Longtime MNB readers know that I'm an enormous fan of the holiday movie Love Actually, which came out 10 years ago. While it was not an enormous hit when first released, Love Actually has evolved into a cult classic, and it is the one movie that I make sure I watch at Christmastime. (Others watch It's A Wonderful Life, or A Christmas Story. But what can I say? I'm a sucker for romantic comedies, London at Christmas and an eclectic cast of British actors and actresses.)

Richard Curtis, the writer/director behind Love Actually, is now out with a new movie that is almost as charming: About Time. And I loved it.

In part, I loved it because I'm also a sucker for time travel movies. About Time is about a young man, played by Domhnall Gleeson, who is informed by his father (portrayed by the incomparable Bill Nighy with his usual panache and unique line readings) that all the men in his family have been able to travel through time. In some comedies, this might've been an excuse for financial shenanigans or sophomoric behavior, but because About Time is a Richard Curtis movie, what Gleeson's character really wants is love, and to always be his best self. (Who among us does not want that?)

The girl he falls for is played by Rachel McAdams. (For some reason, she seems to have a thing for time travel movies, having already starred in The Time Traveler's Wife and Midnight in Paris.) And the ways in which the relationship evolves, as he moves back and forth through time, is utterly charming and when all is said and done, has less to do with time travel than one would think. Rather, it is about trying to do the right thing the first time. And I think one of the things that charmed me about it was that About Time seems utterly without cynicism … and that's rare in movies these days.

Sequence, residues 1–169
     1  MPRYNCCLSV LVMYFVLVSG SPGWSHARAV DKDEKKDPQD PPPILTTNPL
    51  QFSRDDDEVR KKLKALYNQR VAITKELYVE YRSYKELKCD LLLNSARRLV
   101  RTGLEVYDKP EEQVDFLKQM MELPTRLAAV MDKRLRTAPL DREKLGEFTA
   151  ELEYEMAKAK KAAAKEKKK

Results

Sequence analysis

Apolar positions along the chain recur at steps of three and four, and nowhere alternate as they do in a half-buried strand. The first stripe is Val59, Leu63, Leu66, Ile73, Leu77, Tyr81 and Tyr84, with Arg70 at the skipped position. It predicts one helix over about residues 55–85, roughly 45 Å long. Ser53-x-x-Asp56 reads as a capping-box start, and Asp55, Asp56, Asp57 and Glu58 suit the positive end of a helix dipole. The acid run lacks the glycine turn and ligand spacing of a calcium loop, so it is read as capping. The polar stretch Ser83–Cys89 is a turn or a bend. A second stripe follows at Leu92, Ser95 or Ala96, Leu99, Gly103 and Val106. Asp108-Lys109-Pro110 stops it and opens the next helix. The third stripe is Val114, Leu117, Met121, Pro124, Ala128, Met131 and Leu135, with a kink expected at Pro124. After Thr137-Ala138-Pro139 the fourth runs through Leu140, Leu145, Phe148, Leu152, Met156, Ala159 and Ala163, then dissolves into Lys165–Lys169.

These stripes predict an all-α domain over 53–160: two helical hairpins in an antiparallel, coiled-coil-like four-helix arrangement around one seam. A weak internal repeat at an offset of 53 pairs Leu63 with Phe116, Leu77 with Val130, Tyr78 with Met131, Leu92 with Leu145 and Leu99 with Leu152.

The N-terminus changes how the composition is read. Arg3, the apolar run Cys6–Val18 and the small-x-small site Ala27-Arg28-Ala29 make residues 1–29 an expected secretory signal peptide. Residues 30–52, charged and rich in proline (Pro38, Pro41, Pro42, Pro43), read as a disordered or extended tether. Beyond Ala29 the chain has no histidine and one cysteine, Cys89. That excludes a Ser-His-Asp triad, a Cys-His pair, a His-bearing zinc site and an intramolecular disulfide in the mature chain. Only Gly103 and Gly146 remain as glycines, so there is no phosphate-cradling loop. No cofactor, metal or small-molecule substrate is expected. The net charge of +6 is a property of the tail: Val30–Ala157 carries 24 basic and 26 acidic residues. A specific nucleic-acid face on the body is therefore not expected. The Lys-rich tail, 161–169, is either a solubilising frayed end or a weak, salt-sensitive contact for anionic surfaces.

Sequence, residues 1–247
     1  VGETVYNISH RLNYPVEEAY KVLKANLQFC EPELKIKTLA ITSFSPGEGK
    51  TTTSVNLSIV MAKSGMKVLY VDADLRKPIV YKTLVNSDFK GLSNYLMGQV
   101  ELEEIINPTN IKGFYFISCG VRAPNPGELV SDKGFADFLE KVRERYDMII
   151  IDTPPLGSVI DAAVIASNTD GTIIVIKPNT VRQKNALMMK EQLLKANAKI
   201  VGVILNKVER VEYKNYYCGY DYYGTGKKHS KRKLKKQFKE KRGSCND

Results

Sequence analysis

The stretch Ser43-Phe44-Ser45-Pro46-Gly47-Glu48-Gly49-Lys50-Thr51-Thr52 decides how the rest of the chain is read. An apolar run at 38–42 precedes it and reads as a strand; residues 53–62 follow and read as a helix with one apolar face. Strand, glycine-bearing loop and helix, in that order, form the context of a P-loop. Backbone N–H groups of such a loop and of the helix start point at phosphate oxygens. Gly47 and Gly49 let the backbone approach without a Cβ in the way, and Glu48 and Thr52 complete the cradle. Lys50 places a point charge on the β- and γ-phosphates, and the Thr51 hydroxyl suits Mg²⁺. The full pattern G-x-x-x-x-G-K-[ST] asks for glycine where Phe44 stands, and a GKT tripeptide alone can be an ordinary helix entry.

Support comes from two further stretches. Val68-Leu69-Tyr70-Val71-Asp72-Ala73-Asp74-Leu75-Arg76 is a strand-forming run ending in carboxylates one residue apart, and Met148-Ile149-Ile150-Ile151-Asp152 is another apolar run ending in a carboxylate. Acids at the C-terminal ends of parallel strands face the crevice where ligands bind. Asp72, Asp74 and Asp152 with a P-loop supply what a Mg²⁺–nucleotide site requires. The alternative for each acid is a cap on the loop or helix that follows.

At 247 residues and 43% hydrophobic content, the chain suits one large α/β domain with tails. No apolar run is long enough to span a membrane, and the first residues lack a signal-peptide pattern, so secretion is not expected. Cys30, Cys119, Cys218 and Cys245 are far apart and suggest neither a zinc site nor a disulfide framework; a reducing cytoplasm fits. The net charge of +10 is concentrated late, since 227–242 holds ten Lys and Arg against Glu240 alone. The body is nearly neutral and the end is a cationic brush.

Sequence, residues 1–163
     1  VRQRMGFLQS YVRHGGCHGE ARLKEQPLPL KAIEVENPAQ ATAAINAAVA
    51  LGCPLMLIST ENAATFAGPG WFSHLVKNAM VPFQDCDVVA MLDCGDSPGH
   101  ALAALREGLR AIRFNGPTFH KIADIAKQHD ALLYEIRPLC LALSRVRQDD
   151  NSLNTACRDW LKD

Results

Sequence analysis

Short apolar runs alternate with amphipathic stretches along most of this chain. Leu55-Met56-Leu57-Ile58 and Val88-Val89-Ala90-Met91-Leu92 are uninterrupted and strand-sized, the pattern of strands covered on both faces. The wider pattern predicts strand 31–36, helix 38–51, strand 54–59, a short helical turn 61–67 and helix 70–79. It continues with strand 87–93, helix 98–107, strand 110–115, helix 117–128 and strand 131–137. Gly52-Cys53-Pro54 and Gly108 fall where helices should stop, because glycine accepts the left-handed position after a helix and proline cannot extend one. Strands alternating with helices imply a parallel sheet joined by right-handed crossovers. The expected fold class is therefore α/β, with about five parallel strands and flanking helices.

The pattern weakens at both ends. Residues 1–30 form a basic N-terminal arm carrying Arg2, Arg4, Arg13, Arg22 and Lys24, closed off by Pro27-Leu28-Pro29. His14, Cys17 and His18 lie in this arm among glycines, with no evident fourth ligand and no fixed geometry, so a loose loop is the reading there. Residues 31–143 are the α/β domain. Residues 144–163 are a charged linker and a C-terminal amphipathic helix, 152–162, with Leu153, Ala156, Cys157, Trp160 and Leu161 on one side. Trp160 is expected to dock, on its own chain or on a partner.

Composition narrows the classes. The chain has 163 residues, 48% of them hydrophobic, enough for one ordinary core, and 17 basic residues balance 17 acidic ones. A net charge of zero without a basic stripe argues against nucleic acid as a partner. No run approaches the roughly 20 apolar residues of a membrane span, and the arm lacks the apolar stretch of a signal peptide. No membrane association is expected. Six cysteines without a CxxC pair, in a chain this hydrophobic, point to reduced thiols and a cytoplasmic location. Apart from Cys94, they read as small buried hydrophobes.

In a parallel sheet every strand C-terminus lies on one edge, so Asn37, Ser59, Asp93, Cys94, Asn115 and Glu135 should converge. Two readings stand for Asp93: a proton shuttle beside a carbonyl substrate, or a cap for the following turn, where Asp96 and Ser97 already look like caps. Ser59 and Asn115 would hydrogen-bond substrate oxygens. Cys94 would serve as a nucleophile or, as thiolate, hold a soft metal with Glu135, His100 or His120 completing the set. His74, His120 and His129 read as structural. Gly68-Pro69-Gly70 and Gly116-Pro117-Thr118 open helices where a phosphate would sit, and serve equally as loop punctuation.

It also ends up that as much as About Time is a romance, it also is a kind of love story about a father and son. One of my sons (the one who moved to LA) saw About Time before I did, and sent me a text message, telling me that it made him cry. When I saw it, I sent him a two word text back: "Me, too."




I also have a book to recommend to you this week, one that is outside my usual line of country, but would, I think, make an excellent holiday gift.

"It's Never Too Late," by Dallas Clayton, is described as "a kid's book for adults," and it has something in common with the work of Dr. Seuss; Clayton is a children's author, but this book - while written with the pictures and whimsical short poetry familiar to kids - in many ways is about regret and taking advantage of the moment, about embracing challenge and opportunity.

"It's Never Too Late" is a lovely little book. Check it out.




I have a white wine to suggest … the 2012 Carlton Cellars Auxerrois, from Oregon … a white wine with which I was unfamiliar, but one that has some similarities to Pinot Blanc and Chardonnay. It was excellent … terrific with pasta and seafood. (I'm on a Carlton Cellars tear lately … it is a small winery, but one of my favorites.)




That's it for this week. Have a great weekend, and I'll see you Monday.

Slàinte!